It has been widely claimed that the social networking website Facebook promotes narcissism. There has even been some scholarship towards the effect. The paper Narcissism on Facebook: Self-promotional and anti-social behavior published by Christopher Carpenter in the journal Personality and Individual Difference reported that Facebook users that scored higher on the Narcissistic Personality Inventory were more like to use the website more often.

Using data from the personality tests on this website I am going to try to verify this research and extend it to all three of the dark triad personality traits (narcissism, machiavellianism and psychopathy). I will draw the data from three separate tests, one for each trait –the Narcissistic Personality Inventory, the MACH-IV, and the Levenson Self-Report Psychopathy Scale– and divide it into two groups, one group that was referred to the tests via Facebook and one group that came to the test via Google (this will serve as the control group, Google users would seem to relatively synonymous with web users, sorry Bing).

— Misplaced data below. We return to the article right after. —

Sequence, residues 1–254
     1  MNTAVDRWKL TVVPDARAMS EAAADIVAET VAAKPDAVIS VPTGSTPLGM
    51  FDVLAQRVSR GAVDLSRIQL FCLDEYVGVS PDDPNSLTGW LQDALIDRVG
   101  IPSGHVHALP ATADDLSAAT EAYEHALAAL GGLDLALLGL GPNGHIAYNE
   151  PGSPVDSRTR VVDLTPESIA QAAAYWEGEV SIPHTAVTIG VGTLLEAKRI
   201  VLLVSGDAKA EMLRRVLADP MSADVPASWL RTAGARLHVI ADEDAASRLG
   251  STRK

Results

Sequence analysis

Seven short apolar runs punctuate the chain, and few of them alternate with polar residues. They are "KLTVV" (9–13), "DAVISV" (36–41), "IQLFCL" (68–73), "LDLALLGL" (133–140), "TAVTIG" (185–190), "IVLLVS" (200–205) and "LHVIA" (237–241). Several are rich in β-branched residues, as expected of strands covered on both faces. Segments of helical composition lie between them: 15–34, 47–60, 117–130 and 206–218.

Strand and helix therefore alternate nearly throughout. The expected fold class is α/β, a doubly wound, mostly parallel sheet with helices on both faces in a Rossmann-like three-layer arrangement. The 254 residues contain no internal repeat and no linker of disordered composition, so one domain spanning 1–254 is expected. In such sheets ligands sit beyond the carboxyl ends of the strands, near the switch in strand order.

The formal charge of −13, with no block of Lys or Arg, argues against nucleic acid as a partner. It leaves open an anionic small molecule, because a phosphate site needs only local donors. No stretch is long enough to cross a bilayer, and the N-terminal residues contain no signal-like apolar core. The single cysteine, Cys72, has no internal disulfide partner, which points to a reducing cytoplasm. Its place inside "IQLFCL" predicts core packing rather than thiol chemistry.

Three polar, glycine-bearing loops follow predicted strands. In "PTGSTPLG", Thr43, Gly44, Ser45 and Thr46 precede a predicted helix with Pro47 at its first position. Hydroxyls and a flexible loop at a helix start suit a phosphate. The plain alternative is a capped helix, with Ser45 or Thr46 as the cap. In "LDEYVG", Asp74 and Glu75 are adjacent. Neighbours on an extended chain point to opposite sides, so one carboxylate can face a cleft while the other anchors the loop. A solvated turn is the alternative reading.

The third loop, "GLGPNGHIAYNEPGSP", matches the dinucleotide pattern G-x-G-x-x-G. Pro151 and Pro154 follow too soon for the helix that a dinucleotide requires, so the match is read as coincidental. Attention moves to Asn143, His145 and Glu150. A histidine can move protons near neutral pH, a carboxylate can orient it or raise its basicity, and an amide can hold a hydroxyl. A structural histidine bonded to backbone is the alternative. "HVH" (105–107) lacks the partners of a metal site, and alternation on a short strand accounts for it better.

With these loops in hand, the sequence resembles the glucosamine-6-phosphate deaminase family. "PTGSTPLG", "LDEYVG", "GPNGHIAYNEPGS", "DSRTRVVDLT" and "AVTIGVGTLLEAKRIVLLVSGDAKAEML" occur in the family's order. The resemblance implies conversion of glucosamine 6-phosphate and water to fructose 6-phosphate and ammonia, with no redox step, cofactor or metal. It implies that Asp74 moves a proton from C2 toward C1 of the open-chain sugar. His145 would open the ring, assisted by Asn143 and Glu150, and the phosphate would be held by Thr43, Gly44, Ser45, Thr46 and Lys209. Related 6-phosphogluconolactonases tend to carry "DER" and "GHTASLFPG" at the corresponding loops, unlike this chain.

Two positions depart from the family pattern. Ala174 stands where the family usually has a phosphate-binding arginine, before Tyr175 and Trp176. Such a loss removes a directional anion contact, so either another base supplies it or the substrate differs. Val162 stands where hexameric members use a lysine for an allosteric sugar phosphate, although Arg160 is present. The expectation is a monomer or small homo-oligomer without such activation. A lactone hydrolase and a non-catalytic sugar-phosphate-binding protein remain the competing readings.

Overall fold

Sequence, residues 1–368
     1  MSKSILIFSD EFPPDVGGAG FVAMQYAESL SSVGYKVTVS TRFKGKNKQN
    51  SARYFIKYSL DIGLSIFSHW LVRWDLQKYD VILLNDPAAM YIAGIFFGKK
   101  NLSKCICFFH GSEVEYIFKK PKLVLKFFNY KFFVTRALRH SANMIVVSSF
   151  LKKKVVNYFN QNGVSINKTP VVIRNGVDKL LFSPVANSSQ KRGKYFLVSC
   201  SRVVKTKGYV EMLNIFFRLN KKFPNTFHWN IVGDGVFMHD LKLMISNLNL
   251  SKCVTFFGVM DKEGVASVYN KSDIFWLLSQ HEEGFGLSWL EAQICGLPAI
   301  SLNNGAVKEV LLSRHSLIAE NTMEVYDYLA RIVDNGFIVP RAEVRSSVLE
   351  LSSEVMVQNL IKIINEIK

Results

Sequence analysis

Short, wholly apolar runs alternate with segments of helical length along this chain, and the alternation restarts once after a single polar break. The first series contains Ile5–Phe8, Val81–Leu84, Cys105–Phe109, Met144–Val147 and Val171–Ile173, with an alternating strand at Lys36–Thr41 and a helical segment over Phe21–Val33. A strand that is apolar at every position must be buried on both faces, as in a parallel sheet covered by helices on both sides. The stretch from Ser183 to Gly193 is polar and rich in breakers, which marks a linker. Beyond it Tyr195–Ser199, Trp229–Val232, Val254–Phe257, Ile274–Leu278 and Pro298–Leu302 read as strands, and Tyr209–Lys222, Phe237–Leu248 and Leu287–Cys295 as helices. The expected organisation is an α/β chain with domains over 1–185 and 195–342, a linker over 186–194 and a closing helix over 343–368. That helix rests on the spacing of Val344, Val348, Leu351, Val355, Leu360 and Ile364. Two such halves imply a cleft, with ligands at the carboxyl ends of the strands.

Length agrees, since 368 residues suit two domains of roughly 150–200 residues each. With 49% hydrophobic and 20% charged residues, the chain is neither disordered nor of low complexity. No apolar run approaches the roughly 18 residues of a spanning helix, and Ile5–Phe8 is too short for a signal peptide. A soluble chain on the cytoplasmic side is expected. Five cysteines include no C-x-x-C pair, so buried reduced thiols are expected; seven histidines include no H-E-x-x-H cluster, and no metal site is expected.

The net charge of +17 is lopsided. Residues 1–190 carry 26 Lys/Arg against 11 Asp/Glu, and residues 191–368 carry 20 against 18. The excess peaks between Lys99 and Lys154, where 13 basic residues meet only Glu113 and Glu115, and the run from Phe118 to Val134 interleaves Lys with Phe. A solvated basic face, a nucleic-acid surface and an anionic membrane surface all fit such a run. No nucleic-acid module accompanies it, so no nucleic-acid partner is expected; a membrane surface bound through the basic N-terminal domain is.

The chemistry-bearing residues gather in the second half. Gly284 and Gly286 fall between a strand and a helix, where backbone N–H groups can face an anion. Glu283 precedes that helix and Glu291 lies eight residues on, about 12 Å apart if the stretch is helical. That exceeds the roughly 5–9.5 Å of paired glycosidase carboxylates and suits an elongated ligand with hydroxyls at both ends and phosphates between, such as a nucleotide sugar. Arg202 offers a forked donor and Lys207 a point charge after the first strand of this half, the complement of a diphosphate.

The data is graphed below (the vertical scales in each case is the full range each measured by each scale).

As can be seen, those that came to the test through Facebook were actually less narcissistic than individuals who came from Google. Ditto for psychopathy and machivallianism.

So, where does this leave the theory that Facebook is a simmering stew of narcissism? Well, this probably does not say that much as Google users who search out tests of narcissism are probably not an accurate sample of Google users. Still, it is not obviously consistent with the Facebook as narcissism hypothesis.

1 Comment

  1. Ann Cummings says:

    I find your Narcissist questions too easy to answer as a narcissist or non-narcissist. I am 80 years told and had to answer the questions thinking back about how I have acted for nearly 100 years….and how I act now as a currently employed woman. in a very responsible position that requires a lot of control and knowledge. That makes a difference.

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